When children first start childcare, the frustrating truth it is that they are going to get sick. Frequently. Their immune system is suddenly exposed to an increased number and variety of microbes that can provoke an immune response and result in illness.

It can be a big juggle for us as parents having our routine disrupted by sick kids and loss of childcare, so to minimise the disruption to your life, here are some ways you can help to increase your kids’ immune resilience and get them back to daycare asap. 

What’s normal?

It’s normal for children under the age of 5 to have between 4-6 upper respiratory tract infections (i.e. common colds) each year. This number is usually higher for children in a daycare setting or for those with older school aged siblings.

Reframing frequent illness can be useful for some parents. By shifting our perceptions and expectations, we can reduce frustration with endless interruption to our weekly schedule. Being prepared for illness is also helpful – more on this below. 

Indicators of strong immunity

Contrary to popular belief, frequent illness in the context of daycare is not necessarily a sign of poor immune function in kids. Rather, it’s a sign that their immune system is building up resilience and tolerance by responding to and learning about the environment they are living in.

Illness is going to happen, so rather than focusing on the total number of infections your child has, some more reliable things to look at when assessing immune resilience include:

  • the nature and pattern of infections
  • severity of symptoms
  • how quickly they resolve the infection (i.e. recovery time)
  • whether there are any complications with the infections (i.e. hospital admissions, secondary infections)

Supporting immunity

The immune system is working hard in infancy and early childhood to mature and build strength, and there are lots of ways we can support our little ones doing this very important work so that your family routine returns to normal as soon as possible after these interruptions from illness.

Things to do:

Provide a whole foods diet rich in real, unprocessed foods – this will provide your kids immune cells with all the essential nutrients to function at their best (parents of picky eaters, I see you! I know this is hard). More on immunity & nutrition below.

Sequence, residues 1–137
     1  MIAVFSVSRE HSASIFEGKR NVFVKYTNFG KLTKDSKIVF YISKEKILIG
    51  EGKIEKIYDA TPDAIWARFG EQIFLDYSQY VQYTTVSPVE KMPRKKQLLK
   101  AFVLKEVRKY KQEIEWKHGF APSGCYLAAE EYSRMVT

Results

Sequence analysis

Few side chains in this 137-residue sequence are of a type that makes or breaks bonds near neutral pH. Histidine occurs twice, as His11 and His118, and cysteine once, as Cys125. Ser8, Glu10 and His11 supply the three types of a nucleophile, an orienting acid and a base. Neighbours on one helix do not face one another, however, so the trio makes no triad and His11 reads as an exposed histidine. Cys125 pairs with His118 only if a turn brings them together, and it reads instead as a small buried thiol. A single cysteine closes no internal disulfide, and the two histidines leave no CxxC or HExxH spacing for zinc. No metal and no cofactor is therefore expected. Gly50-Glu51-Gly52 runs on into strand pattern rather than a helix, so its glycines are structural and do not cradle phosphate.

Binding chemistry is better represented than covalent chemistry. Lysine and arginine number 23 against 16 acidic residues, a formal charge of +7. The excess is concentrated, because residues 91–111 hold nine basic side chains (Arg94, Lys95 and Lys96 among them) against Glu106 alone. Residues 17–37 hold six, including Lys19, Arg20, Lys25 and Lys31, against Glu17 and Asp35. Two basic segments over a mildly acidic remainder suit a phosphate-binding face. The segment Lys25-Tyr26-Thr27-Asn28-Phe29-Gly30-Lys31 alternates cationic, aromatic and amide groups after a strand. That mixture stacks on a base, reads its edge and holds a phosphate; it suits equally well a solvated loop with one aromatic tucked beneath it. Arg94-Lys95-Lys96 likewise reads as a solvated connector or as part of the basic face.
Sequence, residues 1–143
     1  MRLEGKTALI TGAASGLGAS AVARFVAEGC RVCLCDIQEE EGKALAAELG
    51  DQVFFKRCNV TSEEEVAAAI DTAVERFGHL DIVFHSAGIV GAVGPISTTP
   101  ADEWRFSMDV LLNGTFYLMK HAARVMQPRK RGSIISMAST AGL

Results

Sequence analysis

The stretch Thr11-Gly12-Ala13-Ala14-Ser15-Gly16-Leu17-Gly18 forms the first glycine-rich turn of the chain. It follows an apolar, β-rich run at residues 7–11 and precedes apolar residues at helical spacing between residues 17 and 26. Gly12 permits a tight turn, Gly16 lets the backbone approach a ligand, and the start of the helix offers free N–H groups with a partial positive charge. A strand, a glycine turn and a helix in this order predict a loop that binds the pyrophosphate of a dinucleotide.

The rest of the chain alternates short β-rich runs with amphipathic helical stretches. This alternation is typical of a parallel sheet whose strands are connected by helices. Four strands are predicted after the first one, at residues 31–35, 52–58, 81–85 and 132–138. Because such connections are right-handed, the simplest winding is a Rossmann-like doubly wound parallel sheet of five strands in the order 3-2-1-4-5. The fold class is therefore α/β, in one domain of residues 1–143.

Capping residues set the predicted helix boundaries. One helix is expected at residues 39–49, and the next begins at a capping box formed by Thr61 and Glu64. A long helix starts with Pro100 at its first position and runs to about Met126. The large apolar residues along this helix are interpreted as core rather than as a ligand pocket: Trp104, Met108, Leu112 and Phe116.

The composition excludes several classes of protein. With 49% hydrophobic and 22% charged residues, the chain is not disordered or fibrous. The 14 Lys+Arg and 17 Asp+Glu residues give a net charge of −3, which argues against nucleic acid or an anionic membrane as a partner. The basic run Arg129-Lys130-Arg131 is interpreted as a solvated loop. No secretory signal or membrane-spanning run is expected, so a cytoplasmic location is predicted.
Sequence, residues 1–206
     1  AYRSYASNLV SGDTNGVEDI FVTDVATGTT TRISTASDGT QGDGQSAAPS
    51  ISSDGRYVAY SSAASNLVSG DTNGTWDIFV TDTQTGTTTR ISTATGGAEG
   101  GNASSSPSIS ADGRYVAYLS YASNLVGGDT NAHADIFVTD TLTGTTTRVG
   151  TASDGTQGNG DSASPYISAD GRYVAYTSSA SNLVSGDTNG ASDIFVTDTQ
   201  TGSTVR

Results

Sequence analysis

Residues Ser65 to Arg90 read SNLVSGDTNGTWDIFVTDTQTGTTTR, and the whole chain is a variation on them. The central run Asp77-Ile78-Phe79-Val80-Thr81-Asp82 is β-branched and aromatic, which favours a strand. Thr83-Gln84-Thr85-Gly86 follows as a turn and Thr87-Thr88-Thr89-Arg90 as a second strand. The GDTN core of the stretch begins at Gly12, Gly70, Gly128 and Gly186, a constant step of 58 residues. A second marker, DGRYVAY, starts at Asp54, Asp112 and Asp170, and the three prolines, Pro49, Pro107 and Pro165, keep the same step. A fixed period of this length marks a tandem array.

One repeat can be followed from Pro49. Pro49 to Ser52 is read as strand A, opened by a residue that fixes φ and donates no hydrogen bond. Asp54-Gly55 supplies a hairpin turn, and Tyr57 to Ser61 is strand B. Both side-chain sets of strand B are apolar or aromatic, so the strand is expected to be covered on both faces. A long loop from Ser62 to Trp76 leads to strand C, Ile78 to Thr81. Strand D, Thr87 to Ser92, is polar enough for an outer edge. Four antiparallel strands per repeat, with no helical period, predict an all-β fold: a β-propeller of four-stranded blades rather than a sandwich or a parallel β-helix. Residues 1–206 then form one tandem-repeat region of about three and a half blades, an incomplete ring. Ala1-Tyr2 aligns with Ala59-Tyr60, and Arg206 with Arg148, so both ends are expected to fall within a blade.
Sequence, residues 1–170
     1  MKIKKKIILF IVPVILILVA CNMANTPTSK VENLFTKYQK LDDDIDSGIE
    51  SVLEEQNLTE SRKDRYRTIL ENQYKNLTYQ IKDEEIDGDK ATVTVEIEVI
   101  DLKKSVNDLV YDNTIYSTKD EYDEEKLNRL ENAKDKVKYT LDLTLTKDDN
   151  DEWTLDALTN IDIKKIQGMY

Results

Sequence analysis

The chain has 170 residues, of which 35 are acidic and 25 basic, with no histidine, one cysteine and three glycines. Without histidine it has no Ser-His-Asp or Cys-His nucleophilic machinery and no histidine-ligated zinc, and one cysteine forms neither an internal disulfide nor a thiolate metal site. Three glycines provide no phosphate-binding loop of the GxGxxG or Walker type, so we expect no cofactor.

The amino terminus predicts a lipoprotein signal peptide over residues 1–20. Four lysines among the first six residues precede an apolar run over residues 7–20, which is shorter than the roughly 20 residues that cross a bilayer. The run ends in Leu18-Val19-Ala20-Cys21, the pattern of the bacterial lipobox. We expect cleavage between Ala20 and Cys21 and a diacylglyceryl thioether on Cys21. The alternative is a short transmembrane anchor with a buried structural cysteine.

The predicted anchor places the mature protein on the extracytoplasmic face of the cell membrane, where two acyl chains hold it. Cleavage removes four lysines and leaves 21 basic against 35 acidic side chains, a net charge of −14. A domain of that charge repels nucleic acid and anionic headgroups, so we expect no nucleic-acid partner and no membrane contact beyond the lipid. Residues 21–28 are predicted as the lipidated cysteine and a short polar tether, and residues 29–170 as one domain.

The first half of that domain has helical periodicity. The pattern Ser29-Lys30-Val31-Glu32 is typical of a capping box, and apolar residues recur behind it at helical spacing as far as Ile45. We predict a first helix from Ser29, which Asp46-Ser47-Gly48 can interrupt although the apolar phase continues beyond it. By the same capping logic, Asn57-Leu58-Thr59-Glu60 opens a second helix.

Relaxation – allowing pockets of quiet time with relaxing activities helps to manage stress.

Movement & exercise: regular movement helps boost immune strength via it’s role as being a positive stressor for the body.

Sleep & rest: support your child to get the sleep they need, provide opportunities for rest regularly.

Sunshine: get outdoors as often as possible to provide sunshine for vitamin D production, a key immune supporting nutrient. Sun exposure needs to be unprotected for vitamin D production to occur, so aim for a brief period in low-moderate UV of unprotected exposure before you apply protection – 10-15 minutes three times a week if thighs and tummy are out (hello nudies!) or 5-10 minutes daily with hands, arms, and face out. Then slip, slop, slap.

Playing in the dirt: helps with exposure to a variety of microbes for immune tolerance and builds gut health, which is integral for immune health (see more below).

Teach your child good hygiene practices: where developmentally appropriate, teach your child about proper hand washing, sneezing and coughing etiquette, and encourage them to drink from only their personal water bottle.

Things to avoid:

High sugar foodshigh blood sugar levels can suppress immune function, making our kids more susceptible to infections and increasing their recovery time.

The foods that are most likely to spike blood sugar are soft drinks, fruit juice, lollies, processed sweet snack foods (cookies, snack bars, biscuits, cakes, etc.). Even some ‘healthy’ foods can fall into this category – look out for large servings of dried fruit (when eaten on their own) or fruit-only smoothies.